Detailed guides to painful problems, treatments & more

Fresh evidence that sitting is not “the new smoking”

 •  • by Paul Ingraham
Get posts in your inbox:
Weekly nuggets of pain science news and insight, usually 100-300 words, with the occasional longer post. The blog is the “director’s commentary” on the core content of a library of major articles and books about common painful problems and popular treatments. See the blog archives or updates for the whole site.

The (hyperbolic, fear-mongering) idea of the phrase “sitting is the new smoking” is that an inactive lifestyle is allegedly just as bad for your health as smoking. In particular, the analogy also ominously suggests that, just like smoking, a lot of sitting may be harmful even if we are otherwise healthy and active.

Excessive inactivity is almost certainly unhealthy, but is it anywhere near as dangerous as smoking? Unlikely: smoking is crazy bad for you. (And it’s always seem unlikely the risks of inactivity, whatever they are, cannot be at least mitigated by exercise breaks!)

The ubiquity of cheap, accurate accelerometers has made it possible to start putting this ridiculous analogy to the test more directly than in the past.

Accelerometer-powered science

What if you stuck those gadgets on 8000 middle-aged people for four years? A new paper reports on just such an experiment (Diaz et al). It’s probably the biggest of its kind so far, though much bigger and better ones are surely on the horizon as the technology gets ever cheaper. Using accelerometers has advantages that past studies cannot match. (Not that it’s a perfect study, of course — they never are.)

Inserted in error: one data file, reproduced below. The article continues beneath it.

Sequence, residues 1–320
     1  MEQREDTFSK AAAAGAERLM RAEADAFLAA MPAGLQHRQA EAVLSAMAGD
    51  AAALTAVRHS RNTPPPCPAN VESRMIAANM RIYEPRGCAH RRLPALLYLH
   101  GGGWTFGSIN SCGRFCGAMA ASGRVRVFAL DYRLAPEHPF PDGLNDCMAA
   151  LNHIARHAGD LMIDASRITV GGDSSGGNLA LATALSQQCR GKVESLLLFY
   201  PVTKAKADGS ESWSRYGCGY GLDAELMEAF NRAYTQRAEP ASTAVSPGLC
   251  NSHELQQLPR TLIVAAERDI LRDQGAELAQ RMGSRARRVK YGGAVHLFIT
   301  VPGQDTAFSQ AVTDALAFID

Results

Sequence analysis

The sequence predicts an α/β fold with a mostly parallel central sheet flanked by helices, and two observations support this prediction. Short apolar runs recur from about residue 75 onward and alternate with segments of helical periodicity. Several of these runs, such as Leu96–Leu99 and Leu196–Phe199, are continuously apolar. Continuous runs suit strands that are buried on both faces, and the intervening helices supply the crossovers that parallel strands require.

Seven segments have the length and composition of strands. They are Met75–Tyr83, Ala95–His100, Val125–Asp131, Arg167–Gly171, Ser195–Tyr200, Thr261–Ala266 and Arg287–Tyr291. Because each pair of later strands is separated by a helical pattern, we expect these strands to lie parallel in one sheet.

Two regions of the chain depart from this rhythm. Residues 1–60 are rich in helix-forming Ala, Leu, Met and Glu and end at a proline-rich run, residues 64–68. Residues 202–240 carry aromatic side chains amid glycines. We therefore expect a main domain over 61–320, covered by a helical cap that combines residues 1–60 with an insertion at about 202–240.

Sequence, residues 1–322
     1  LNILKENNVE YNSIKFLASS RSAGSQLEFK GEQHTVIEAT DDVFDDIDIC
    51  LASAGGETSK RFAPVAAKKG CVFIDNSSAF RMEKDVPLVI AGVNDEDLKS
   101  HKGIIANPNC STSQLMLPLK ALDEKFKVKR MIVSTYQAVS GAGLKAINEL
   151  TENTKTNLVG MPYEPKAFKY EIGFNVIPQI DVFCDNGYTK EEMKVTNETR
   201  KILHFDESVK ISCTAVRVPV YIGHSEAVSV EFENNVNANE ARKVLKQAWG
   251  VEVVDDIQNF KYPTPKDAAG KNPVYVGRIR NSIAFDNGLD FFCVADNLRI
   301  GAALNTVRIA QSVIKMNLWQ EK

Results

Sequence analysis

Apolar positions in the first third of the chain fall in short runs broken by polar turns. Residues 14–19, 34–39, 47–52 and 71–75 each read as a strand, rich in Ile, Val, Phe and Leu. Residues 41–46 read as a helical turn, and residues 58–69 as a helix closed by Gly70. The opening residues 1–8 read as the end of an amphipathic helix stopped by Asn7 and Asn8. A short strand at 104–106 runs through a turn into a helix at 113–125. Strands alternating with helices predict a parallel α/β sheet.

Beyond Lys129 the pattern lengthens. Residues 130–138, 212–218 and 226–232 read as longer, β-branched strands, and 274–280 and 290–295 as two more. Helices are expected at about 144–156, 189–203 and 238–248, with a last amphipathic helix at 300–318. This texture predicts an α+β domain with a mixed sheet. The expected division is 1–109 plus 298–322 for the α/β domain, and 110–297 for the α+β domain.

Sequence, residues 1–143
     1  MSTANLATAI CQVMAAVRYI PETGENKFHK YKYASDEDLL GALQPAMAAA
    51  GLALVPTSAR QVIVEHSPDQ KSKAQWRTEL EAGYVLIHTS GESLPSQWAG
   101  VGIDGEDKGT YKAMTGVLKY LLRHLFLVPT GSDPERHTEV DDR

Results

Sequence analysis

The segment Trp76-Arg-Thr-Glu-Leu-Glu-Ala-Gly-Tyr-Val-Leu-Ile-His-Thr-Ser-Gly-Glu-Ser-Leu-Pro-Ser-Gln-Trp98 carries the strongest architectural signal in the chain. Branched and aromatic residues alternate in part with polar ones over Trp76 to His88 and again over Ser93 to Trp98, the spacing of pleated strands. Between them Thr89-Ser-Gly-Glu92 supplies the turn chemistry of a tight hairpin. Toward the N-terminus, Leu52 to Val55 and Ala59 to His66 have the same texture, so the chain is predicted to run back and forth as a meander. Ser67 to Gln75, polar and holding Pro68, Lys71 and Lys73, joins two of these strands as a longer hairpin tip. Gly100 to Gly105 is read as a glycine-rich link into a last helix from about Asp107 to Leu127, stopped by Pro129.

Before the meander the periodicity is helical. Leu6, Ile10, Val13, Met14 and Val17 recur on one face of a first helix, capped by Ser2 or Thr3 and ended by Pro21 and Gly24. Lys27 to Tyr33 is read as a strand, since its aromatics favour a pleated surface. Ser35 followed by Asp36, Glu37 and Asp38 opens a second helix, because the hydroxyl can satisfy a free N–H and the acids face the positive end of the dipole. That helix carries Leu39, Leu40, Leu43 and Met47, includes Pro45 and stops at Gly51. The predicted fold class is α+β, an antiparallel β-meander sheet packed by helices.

The results did affirm a link, which has already been widely reported — and almost all of the reporting assume that the link means that inactivity caused early deaths. But this link is not a causal link.+They did not prove that inactivity causes a shorter life expectancy. No one has yet proved that. It’s plausible, but not established. There are other explanations for the link, as there always are in epidemiology. Some of the study subjects died: 340 of them, and those people spent more time overall not moving, and had longer periods of not moving.

While everyone else is busy reporting that “inactivity will kill you,” my take on this study is different: my main interest in it is that it helps us to see that the danger of inactivity is not in the same league as smoking. Not even close. The hazard ratio for greater total sedentary time was 1.6. A hazard ratio of 2 means “twice the chance.” Hazard ratios for smoking-related diseases are dramatically higher, and even higher still for not-so-obviously related problems like coronary heart disease.

And the data also showed that taking breaks mitigated the risk. Which also contradicts the smoking analogy. Phew!

So this study is a good FUD-fighter.

Bottom line: inactivity is almost certainly unhealthy, and is associated with a measurably higher risk of death, but comparing it to smoking is %@!^% ridiculous.

Criticism of the study

Ars Technica has some harsh criticism of Diaz et al.: “funded by Big Soda & riddled with weaknesses.” Noted, but meh: methinks their concerns are overstated. Most of what they point out is par for the course in epidemiology, the kind of limitations you can find in any study — noteworthy, but they don’t nuke the value of the data.

Their hand-wringing about the “Big Soda” angle seems especially uninteresting to me: this may be “exactly the kind of research” Big Soda allegedly likes to see (to take the heat off the unhealthiness of their product), but it isn’t exactly an isolated result. We have piles of evidence that inactivity is unhealthy, so if that’s useful PR for Big Soda, it’s a benefit in addition to it being, y’know, true.

I’ve updated the main article about chairs and sedentariness with this study and its implications. The reporting there is much more thorough than this summary, covering every aspect of the topic and more relevant research …

PainSci Member Login » Submit your email to unlock member content. If you can’t remember/access your registration email, please contact me. ~ Paul Ingraham, PainSci Publisher